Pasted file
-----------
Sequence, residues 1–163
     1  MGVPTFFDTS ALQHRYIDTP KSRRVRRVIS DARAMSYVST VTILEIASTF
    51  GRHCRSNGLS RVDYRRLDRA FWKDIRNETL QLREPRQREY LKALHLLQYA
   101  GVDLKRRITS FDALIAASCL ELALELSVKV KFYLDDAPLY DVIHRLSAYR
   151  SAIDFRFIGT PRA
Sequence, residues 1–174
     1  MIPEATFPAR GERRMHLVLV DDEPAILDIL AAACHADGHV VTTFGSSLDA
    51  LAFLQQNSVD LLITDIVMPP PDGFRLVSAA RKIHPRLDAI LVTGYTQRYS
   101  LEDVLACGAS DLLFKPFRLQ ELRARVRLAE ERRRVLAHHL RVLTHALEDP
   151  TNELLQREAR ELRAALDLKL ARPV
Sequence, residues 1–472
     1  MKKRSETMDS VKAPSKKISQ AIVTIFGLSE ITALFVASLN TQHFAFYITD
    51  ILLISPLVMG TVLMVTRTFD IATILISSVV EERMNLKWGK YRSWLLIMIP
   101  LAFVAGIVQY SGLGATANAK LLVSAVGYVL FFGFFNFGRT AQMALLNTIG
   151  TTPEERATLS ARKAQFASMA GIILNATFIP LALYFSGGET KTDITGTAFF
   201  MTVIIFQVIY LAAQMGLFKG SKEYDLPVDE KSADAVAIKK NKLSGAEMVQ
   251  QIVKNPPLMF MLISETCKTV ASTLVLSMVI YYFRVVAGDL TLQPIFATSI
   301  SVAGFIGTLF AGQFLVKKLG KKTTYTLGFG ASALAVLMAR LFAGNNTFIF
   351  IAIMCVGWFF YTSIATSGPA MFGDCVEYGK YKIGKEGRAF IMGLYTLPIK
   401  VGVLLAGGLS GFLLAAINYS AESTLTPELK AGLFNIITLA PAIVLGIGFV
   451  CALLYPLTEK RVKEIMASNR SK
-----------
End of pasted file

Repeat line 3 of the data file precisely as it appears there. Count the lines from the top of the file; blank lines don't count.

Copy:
    51  GRHCRSNGLS RVDYRRLDRA FWKDIRNETL QLREPRQREY LKALHLLQYA